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Friday, April 22, 2016

Molecular fMRI?

Could Molecular fMRI Revolutionise Neuroscience?

Neuroskeptic [Discover Magazine Blog] | April 20, 2016

In a new paper called Molecular fMRI, MIT researchers Benjamin B. Bartelle, Ali Barandov, and Alan Jasanoff discuss technological advances that could provide neuroscientists with new tools for mapping the brain.
Currently, one of the leading methods of measuring brain activity is functional MRI (fMRI). However, as Bartelle et al. note, it has its limitations:
Because brain activity mapping with fMRI depends on neurovascular coupling, resolution at the level of single cells is out of reach… More importantly, the cellular origins of functional imaging signals are obscured by the fact that many different cells and cell types contribute simultaneously to the observed fMRI data.
Conventional MRI does not allow for MRI imaging of dopamine release. Source:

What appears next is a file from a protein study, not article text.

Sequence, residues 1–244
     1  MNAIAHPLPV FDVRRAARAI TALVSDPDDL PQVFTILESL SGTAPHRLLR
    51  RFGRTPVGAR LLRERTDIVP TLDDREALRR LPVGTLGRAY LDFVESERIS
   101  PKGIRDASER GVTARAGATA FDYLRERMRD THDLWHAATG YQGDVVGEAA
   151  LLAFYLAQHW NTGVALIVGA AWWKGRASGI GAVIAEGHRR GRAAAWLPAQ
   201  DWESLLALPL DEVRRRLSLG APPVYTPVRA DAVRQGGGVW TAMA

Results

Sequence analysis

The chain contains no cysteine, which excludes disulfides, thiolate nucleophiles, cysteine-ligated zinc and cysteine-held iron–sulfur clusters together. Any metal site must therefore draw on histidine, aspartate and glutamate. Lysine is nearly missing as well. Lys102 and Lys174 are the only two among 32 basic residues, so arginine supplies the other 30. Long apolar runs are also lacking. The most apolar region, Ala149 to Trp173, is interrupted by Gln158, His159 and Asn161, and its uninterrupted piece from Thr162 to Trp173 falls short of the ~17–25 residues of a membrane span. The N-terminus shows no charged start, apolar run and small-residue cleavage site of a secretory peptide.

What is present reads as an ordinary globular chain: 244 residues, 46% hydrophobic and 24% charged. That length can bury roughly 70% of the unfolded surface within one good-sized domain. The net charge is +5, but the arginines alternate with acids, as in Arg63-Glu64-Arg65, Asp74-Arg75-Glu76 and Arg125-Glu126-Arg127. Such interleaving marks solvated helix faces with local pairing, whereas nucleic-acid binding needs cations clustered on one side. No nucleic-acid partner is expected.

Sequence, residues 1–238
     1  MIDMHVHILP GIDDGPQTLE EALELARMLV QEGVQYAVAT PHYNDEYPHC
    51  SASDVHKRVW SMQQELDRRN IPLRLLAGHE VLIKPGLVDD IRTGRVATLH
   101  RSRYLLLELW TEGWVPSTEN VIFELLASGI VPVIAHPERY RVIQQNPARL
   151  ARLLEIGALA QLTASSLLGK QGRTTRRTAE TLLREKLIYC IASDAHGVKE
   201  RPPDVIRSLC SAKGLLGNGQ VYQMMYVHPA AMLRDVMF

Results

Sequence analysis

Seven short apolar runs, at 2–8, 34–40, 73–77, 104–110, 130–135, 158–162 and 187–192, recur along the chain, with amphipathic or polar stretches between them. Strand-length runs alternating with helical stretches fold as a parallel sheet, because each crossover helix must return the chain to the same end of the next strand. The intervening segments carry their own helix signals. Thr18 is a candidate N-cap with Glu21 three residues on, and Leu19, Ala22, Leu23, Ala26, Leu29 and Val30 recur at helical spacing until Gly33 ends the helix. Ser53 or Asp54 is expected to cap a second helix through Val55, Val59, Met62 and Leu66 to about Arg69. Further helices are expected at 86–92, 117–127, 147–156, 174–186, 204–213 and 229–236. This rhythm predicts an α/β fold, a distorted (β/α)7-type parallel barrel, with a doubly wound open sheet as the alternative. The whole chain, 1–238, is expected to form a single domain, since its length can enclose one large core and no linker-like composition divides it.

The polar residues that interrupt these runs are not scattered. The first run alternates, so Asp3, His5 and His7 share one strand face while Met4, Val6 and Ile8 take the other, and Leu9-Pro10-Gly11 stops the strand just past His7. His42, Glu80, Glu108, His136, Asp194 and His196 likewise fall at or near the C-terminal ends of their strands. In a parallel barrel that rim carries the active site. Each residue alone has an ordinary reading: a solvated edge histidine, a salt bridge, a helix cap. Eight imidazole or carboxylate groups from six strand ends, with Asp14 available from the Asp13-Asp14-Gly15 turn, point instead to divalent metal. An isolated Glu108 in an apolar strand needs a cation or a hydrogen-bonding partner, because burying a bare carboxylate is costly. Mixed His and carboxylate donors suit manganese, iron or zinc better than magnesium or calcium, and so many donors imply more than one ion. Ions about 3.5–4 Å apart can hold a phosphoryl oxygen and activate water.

<more at; related articles and links: (Brain Cells Viewed 'Talking' at Molecular Level. May 1, 2014) and (Molecular fMRI. Benjamin B. Bartelle, Ali Barandov, and Alan Jasanoff. The Journal of Neuroscience, 13 April 2016, 36(15): 4139-4148; doi: 10.1523/JNEUROSCI.4050-15.2016. [Abstract: Comprehensive analysis of brain function depends on understanding the dynamics of diverse neural signaling processes over large tissue volumes in intact animals and humans. Most existing approaches to measuring brain signaling suffer from limited tissue penetration, poor resolution, or lack of specificity for well-defined neural events. Here we discuss a new brain activity mapping method that overcomes some of these problems by combining MRI with contrast agents sensitive to neural signaling. The goal of this “molecular fMRI” approach is to permit noninvasive whole-brain neuroimaging with specificity and resolution approaching current optical neuroimaging methods. In this article, we describe the context and need for molecular fMRI as well as the state of the technology today. We explain how major types of MRI probes work and how they can be sensitized to neurobiological processes, such as neurotransmitter release, calcium signaling, and gene expression changes. We comment both on past work in the field and on challenges and promising avenues for future development. SIGNIFICANCE STATEMENT Brain researchers currently have a choice between measuring neural activity using cellular-level recording techniques, such as electrophysiology and optical imaging, or whole-brain imaging methods, such as fMRI. Cellular level methods are precise but only address a small portion of mammalian brains; on the other hand, whole-brain neuroimaging techniques provide very little specificity for neural pathways or signaling components of interest. The molecular fMRI techniques we discuss have particular potential to combine the specificity of cellular-level measurements with the noninvasive whole-brain coverage of fMRI. On the other hand, molecular fMRI is only just getting off the ground. This article aims to offer a snapshot of the status and future prospects for development of molecular fMRI techniques.])>

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